Female Islamic Clerics Issued An Edict Banning Child Marriage In Indonesia
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In Indonesia, the current legal age of marriage for girls is 16. But a group of female Islamic clerics just made their own move to prompt a change to that policy. In what some media outlets called "the first major gathering of female Muslim clerics," the group of predominantly Indonesian clerics issued a fatwa against child marriage. And though the edict carries no legal weight, it will have influence in determining the policy for child marriage going forward.

According to Merriam-Webster's definition, a fatwa is "a legal opinion or decree handed down by an Islamic religious leader." For Westerners, arguably the most famous fatwa was issued by Iran's Ayatollah Khomeini in 1989, calling for the death of author Salman Rushdie.

But fatwas are actually quite common, with many issued each year in Indonesia by the nearly all-male Indonesian Ulema Council. The recent congress of female Muslim clerics issued several fatwas in addition to their prohibition on child marriage, including one dealing with the sexual abuse of women.

Still, the main spotlight is on the stance taken against a practice that is pervasive in Indonesia. According to Girls Not Brides, one in seven Indonesian girls is married off before her 18th birthday.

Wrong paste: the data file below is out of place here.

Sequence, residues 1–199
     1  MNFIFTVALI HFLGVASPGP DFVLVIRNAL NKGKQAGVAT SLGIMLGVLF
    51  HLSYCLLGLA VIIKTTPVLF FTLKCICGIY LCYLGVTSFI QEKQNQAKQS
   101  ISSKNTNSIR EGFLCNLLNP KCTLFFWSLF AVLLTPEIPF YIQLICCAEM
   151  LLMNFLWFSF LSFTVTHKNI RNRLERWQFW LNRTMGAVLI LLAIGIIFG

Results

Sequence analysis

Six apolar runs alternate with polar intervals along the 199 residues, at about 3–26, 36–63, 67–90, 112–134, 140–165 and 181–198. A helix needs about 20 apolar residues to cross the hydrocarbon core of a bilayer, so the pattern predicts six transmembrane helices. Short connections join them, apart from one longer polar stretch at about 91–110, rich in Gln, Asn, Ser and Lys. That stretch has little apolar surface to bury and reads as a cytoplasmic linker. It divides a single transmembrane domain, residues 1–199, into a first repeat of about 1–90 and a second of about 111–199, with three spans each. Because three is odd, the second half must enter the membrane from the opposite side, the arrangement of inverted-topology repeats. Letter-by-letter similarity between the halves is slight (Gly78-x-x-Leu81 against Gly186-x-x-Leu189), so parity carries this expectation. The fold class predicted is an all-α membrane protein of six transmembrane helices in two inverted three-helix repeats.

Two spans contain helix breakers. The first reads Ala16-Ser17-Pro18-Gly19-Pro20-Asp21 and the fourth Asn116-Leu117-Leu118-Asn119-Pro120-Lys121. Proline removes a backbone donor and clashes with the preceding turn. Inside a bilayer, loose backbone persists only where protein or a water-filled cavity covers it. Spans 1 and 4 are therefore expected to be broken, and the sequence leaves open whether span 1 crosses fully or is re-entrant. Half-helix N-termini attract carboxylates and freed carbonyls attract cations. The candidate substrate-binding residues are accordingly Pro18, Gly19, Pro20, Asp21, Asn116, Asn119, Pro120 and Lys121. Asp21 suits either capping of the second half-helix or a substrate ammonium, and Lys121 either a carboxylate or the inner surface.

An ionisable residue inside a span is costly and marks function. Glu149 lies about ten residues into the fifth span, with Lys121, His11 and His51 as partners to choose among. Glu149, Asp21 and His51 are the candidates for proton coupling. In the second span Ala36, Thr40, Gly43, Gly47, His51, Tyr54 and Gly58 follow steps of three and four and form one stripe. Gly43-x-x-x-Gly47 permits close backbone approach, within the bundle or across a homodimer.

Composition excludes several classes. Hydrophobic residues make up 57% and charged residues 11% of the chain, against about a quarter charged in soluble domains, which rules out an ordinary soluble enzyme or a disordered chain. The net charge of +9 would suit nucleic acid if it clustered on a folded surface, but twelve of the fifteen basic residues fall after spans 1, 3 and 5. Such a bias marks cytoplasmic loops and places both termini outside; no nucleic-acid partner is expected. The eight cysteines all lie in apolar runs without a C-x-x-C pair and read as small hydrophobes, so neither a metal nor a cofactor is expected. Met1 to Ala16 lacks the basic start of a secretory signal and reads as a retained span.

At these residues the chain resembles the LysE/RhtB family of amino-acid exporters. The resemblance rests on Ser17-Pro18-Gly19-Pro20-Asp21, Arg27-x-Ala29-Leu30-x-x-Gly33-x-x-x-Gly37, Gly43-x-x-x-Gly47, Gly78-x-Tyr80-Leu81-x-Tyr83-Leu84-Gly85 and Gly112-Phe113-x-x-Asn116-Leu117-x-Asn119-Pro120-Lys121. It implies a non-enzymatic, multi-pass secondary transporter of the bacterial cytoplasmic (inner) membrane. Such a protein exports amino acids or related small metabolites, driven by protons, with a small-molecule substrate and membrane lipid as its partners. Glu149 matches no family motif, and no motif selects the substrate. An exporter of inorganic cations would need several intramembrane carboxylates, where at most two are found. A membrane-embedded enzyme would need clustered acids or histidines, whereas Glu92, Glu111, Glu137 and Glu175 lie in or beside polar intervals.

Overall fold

In fact, the rate of child marriage in Indonesia is likely higher. In certain areas, like West Sulawesi, the practice of marrying girls off before the age of 15 is "a deeply entrenched cultural tradition." Girls Not Brides also lists a range of factors that contribute to child marriage occurrences in Indonesia, from poverty and economic dependence to a lacking access to proper education and medical services. They also point out that the rigid gender norms enforced throughout Indonesia play a role in "normalizing" the sexual abuse of women and children.

The gathering of female Muslim clerics backed up their fatwa against the practice of child marriage by pointing out that most young girls who are married before 18 do not continue on in their education. Apparently, half of these unions also result in divorce.

Since Indonesia has the highest rate of child brides in the world, this fatwa from the gathering of female Muslim clerics could not have come from a more important place. Hopefully, their unequivocal message will help persuade government officials to outlaw altogether any marriages involving a girl under the age of 18.